Rising temperatures. Melting ice caps. Drowning polar bears. We don’t need to be told that there’s a climate emergency, and that it’s taking its toll on the planet. But the climate emergency is also a mental health emergency. The stats are powerful: psychological trauma from a natural disaster is forty times greater than trauma from physical injury. The human stories are troubling: in the Canadian North, Inuit hunters are reporting increased mental health problems, as ice conditions change and threaten the hunt for food. Climate scientists themselves are suffering from ecological grief and depression. And there are children who can’t sleep because they’re worried about the future.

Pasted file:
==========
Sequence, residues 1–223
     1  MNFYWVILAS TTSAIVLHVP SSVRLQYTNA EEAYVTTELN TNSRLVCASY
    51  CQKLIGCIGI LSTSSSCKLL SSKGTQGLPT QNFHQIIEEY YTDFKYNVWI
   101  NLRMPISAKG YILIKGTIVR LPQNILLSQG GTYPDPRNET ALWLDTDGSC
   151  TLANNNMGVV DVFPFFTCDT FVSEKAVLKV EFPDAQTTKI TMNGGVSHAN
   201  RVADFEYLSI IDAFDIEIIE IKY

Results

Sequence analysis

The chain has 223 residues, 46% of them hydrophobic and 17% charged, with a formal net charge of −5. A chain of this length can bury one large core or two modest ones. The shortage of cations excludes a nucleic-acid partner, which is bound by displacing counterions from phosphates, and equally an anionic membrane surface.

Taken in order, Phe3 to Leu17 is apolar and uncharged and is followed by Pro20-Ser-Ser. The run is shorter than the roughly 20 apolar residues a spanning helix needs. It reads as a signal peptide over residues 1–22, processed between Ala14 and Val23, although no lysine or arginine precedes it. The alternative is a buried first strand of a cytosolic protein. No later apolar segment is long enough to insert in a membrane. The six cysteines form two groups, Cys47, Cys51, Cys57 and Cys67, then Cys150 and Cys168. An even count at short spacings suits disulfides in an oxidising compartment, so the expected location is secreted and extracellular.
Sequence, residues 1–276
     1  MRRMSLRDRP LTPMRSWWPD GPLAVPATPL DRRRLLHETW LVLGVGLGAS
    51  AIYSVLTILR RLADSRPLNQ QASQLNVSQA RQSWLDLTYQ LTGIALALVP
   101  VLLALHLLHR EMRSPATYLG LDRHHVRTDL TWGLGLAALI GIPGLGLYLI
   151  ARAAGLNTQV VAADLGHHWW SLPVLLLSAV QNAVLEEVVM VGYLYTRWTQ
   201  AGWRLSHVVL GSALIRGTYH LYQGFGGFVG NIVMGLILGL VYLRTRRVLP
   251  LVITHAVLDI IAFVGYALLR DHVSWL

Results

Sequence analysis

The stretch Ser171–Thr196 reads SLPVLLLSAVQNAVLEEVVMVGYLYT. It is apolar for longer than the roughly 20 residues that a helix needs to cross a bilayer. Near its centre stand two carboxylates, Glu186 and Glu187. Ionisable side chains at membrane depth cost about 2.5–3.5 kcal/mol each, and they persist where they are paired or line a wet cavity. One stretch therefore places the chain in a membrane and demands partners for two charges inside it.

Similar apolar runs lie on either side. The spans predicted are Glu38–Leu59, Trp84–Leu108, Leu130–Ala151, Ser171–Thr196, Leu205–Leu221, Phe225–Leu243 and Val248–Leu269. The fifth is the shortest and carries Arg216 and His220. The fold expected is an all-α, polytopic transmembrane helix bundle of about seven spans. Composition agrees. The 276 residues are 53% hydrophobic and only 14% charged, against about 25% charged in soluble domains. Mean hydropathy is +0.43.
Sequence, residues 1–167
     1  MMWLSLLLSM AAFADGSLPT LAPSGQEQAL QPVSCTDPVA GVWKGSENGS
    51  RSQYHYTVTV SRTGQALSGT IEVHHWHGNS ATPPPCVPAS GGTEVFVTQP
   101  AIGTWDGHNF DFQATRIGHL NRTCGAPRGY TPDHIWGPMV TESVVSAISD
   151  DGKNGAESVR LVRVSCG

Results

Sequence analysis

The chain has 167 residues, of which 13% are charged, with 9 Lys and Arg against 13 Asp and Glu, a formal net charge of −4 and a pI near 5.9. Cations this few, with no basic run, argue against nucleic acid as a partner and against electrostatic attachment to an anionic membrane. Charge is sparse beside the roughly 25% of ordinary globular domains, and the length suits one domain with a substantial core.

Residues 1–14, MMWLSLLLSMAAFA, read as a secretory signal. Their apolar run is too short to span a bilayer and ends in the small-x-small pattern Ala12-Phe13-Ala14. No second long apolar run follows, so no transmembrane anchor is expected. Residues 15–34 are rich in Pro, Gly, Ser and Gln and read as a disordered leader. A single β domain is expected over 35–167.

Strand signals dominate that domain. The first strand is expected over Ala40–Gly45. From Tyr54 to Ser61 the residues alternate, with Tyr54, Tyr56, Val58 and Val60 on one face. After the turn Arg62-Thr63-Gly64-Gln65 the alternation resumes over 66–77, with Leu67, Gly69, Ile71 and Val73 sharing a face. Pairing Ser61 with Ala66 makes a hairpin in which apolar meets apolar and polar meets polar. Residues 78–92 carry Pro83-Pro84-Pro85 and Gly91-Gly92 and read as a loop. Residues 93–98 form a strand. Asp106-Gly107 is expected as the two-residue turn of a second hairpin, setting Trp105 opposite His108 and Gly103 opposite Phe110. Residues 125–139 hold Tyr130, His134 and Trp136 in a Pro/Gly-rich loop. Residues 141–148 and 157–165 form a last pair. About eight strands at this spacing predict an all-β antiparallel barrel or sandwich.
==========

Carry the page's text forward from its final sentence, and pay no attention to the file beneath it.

CMHA BC releases new report offering 12 recommendations to achieve fair and equal public services for all British Columbians.
The Canadian Mental Health Association, BC Division (CMHA BC) has published a new report on the social determinants of mental health and examines the ways that crucial BC services like social housing, social assistance and employment supports, can support or undermine the human rights and wellness of those living with mental health or substance use-related health issues.